Metropolitan Planning Council (MPC)

IL: Transportation and Community Development Advocates, Local Leaders Applaud Center-Running Bus Rapid Transit on Ashland Avenue

The Chicago Department of Transportation (CDOT) and Chicago Transit Authority have announced their vision for center-running Bus Rapid Transit (BRT) service on Ashland Avenue, with the first phase of implementation planned between Cortland and 31st streets.

Transportation and community development advocates and local leaders praised the plan as an important milestone in Chicago’s BRT vision that balances the needs of all street users, improves quality of life in local neighborhoods, provides better access to jobs and services, and makes local streets more attractive, safer and less congested.

The first phase of implementation is part of the City’s broader vision for BRT along Ashland Avenue between Irving Park Road and 95th Street.

BRT service will make taking transit in the corridor faster, more reliable, and more like taking the train. The first phase also will help connect transit riders to the Metra and the blue, green, orange and pink lines. While regular buses average 8.7 miles per hour on Ashland, the plan includes center-running bus-only lanes, full-service transit stations and high-tech traffic signals that could make the BRT service nearly as fast as the Red Line while largely avoiding street congestion.

"By reinventing the bus and rethinking our streets, BRT can bring dramatic improvements to public transit," said Ron Burke, executive director, Active Transportation Alliance. “BRT is an incredible opportunity to provide the kind of transportation options that Chicagoans need.” In fall 2012, more than 1,300 Chicagoans signed an Active Transportation Alliance petition asking city officials to include bus-only lanes and pedestrian-friendly streets as part of plans for world-class BRT on Western and/or Ashland avenues.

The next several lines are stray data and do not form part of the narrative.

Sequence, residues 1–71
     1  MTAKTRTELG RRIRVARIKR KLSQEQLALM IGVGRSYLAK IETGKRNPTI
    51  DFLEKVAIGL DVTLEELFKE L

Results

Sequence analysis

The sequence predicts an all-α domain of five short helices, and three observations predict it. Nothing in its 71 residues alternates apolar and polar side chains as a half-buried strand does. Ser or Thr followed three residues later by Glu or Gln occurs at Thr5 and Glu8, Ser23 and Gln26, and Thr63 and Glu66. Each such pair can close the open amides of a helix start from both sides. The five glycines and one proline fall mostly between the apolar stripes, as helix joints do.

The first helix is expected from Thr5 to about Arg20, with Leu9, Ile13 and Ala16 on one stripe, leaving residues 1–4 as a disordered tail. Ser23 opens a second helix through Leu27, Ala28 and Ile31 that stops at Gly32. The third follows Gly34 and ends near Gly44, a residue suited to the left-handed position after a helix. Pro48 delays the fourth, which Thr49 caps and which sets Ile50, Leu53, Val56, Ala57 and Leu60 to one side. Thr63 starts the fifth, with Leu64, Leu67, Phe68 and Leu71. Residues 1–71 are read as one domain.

“Bus Rapid Transit will make transit service along Ashland faster and more reliable, which is a critical need for residents, businesses and institutions, such as hospitals and community centers,” said Peter Skosey, executive vice president, Metropolitan Planning Council. “Bus Rapid Transit also will help improve connections between existing transit stops along the route, helping people access more opportunities across the city, and has great potential to spark new development near stations.”

Three in 10 workers who live in the Western/Ashland corridor take transit to work, and one in four households don’t have a car.

“Bus Rapid Transit is an exciting transportation investment that will connect our residents and businesses in Pilsen to other neighborhoods and jobs. The connection of businesses to other neighborhoods will lead to greater economic vitality and sustainability. The connection of our residents to jobs through this investment will lead to greater community stability as our residents will now have an easier way to get to their jobs without having to relocate from this neighborhood,” said Maria Saldana, chief operating officer, The Resurrection Project. “Improved public transportation is part of what is needed to stabilize the housing markets in our communities.”

“Bus Rapid Transit service on Ashland will improve connections between the four neighborhoods surrounding the University of Illinois-Chicago–Little Italy, University Village and Commons, Roosevelt Square and Brooks Homes, and Tri-Taylor –as well as to the rest of the neighborhoods along the route,” said Dennis O’Neill, executive director, Connecting4Communities. “Neighborhoods that are well connected to the fabric of our city are more apt to thrive, economically and socially.”


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